Maize helitrons contain more vestiges of genes than either rice or Arabidopsis helitrons; we postulated that this difference could be mechanistic and perhaps reflected by sequence characteristics among species. More specifically, 3' palindromes of helitrons are hypothesized to play a role in replication termination . If this is true, we predicted that rice would have stronger 3' palindromes, facilitating less "leaky" termination, commensurately less incorporation of flanking nucleotides during replication, and therefore less gene capture. We tested this hypothesis by isolating 50 bp of the 3' of each of our helitrons in maize and japonica rice and submitting them to UNAfold analysis to estimate the average free energy of folding (d). Contrary to our prediction, the 552 predicted japonica rice helitrons have d values significantly higher than that of our collection of maize helitrons, with d = -3.50 (SD = 1.82) and d = -5.21 (SD = 2.84) for rice and maize, respectively (t-test, p < 0.001). The difference remains significant whether one compares polymorphic helitrons between maize and rice (dmaize = -5.51; drice = -3.44; p < 0.001) or fixed helitrons between maize and rice (dmaize = -4.94; drice = -3.53; p < 0.001). In contrast there is no significant difference in d between polymorphic and fixed helitrons within either species (data not shown). Thus, there are differences in 3' folding characteristics between maize and rice, but the direction of the difference was contrary to our prediction in that the rice elements have weaker 3' palindromes on average.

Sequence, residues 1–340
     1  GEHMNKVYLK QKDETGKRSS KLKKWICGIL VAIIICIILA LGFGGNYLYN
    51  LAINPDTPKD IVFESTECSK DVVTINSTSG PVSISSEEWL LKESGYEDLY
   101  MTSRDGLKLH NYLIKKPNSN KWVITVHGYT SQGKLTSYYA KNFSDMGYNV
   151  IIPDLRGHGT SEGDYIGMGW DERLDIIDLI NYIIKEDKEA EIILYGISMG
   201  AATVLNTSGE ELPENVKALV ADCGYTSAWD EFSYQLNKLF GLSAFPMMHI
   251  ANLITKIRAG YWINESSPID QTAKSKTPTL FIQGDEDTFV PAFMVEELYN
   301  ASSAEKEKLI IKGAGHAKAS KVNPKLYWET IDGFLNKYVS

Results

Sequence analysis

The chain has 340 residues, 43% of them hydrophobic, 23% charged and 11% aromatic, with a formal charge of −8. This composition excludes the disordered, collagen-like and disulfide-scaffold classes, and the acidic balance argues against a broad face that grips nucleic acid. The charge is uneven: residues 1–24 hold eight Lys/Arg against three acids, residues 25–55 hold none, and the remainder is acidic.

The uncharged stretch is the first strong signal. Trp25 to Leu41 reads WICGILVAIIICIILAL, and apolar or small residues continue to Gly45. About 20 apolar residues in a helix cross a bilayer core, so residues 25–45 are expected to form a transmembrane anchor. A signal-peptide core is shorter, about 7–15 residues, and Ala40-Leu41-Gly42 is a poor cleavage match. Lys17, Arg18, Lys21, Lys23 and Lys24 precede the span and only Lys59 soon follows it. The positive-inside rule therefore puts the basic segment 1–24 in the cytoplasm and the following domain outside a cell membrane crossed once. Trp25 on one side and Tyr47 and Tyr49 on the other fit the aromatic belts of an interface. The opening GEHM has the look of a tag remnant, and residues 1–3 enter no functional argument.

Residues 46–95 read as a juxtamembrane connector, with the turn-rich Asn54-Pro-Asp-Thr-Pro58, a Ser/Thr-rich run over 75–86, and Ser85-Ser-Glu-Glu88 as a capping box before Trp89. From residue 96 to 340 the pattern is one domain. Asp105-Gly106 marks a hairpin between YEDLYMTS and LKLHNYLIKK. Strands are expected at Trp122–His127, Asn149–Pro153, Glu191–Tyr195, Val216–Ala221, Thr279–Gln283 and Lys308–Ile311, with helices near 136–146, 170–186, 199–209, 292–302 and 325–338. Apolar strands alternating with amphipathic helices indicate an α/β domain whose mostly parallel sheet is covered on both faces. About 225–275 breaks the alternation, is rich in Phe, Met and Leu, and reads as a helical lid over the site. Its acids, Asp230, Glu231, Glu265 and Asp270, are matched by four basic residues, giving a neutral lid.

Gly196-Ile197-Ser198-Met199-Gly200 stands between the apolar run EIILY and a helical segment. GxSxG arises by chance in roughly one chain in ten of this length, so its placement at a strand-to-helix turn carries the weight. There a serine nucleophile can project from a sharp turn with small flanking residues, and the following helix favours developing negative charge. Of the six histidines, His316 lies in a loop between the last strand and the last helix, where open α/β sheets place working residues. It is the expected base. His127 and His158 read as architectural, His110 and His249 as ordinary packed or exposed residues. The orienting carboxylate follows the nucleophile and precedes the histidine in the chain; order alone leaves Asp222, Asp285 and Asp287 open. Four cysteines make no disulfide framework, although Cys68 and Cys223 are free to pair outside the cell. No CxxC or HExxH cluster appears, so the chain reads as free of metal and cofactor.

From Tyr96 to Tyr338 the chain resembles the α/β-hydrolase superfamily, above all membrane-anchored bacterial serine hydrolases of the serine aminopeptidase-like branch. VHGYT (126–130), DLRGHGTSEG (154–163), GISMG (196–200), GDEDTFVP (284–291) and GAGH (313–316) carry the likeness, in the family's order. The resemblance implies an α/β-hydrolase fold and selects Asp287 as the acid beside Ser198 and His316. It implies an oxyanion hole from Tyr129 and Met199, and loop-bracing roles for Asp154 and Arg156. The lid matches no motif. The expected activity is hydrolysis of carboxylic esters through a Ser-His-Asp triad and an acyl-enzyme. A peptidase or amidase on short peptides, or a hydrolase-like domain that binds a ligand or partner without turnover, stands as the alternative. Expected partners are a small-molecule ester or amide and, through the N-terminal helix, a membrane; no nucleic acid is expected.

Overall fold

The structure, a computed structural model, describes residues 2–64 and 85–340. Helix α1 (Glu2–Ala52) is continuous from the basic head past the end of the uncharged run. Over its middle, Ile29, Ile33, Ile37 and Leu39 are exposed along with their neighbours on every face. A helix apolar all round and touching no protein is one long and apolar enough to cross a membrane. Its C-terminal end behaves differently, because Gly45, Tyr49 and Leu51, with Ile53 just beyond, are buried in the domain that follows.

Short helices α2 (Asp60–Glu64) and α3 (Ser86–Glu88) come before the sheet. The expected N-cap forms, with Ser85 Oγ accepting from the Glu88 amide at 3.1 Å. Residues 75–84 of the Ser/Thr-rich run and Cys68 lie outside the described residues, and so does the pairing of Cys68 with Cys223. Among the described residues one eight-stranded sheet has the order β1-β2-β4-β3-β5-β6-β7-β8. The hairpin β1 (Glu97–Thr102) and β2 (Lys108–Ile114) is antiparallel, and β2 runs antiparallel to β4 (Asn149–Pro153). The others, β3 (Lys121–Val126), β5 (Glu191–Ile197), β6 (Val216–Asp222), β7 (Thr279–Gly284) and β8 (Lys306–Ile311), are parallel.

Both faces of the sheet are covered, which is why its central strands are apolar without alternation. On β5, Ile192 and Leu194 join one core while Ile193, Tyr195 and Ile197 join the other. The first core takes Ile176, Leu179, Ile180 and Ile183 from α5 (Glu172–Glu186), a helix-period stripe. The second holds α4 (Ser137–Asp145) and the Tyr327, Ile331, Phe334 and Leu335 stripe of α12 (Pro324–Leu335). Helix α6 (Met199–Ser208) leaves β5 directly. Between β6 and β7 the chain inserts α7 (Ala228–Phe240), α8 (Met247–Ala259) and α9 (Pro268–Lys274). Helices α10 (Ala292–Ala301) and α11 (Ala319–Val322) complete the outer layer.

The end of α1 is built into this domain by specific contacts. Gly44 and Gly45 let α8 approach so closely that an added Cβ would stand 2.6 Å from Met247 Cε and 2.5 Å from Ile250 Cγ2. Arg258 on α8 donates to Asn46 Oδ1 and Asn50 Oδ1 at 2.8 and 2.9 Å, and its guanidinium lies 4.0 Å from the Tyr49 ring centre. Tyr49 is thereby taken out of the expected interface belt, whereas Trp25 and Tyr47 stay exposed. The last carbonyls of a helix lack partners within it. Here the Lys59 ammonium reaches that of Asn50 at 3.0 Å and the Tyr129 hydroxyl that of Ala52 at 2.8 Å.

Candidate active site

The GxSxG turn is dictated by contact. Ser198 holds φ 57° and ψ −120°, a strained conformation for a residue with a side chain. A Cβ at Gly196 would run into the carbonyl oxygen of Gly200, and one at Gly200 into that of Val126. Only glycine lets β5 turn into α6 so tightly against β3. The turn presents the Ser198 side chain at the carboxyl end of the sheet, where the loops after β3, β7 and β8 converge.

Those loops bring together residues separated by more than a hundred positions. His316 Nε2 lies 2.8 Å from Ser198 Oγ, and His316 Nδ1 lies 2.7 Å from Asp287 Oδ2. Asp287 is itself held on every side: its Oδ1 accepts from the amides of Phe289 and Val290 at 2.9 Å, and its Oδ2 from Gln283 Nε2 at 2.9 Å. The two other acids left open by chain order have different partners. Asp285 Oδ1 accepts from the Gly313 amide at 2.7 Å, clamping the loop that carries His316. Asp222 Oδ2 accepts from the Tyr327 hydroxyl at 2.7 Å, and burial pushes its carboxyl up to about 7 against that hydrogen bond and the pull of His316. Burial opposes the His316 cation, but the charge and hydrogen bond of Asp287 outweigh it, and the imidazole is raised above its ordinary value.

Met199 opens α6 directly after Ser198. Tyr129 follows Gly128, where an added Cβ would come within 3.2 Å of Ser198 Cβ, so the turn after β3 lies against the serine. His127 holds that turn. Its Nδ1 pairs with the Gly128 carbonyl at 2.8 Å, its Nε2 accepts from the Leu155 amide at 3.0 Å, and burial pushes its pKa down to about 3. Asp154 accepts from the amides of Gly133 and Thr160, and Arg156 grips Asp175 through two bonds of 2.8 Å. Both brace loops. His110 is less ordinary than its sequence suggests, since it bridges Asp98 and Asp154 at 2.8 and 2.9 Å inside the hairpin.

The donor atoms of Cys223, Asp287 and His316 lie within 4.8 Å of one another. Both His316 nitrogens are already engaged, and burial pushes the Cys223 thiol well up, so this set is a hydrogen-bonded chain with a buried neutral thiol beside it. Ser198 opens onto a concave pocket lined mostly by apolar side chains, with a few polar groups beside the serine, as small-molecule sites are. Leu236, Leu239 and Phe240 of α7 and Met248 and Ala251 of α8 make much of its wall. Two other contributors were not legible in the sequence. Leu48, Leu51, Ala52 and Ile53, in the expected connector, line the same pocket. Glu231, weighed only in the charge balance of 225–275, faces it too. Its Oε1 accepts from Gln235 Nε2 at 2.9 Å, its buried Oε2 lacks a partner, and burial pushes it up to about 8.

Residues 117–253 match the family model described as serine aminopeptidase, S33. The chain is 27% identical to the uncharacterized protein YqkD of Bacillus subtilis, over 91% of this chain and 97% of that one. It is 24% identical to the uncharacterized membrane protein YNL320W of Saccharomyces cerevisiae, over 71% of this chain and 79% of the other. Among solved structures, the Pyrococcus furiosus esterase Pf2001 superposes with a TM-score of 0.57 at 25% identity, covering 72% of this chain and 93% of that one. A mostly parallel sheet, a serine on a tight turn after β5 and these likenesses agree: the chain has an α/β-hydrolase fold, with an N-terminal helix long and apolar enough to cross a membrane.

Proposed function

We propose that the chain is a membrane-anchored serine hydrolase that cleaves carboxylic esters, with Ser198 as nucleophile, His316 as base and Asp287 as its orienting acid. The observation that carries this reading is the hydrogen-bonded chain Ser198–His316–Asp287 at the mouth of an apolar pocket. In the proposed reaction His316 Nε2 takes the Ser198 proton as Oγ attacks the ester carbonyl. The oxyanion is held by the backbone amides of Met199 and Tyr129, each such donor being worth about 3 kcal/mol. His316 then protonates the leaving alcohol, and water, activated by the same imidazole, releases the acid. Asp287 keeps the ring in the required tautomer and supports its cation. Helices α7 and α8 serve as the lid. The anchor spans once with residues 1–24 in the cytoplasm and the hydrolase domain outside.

Non-autonomous helitrons can be difficult to identify both because their internal sequences are not well conserved and because they lack the obvious features of some class I and class II elements. We pursued two approaches to identify helitrons in maize, both of which were based on the ~40 bp 3' and 5' elements ends. An iterative, BLAST-based method yielded a non-redundant set of 23 predicted maize helitrons. Our predicted set of maize helitrons is smaller than that of Du et al. , for two reasons. First, we may have searched an earlier version of Genbank (the Genbank version searched by Du et al.  was unspecified). Second, Du et al.  used perl regular expression searches based on 18 and 30 bp queries for the 5' and 3' ends, respectively, which is shorter than many of our BLAST hits and may not be sufficient for appropriate identification of helitrons . Nonetheless, 18 bp and 30 bp queries do appear to adequately cover the length of conserved 5' and 3' motifs (Figure 2).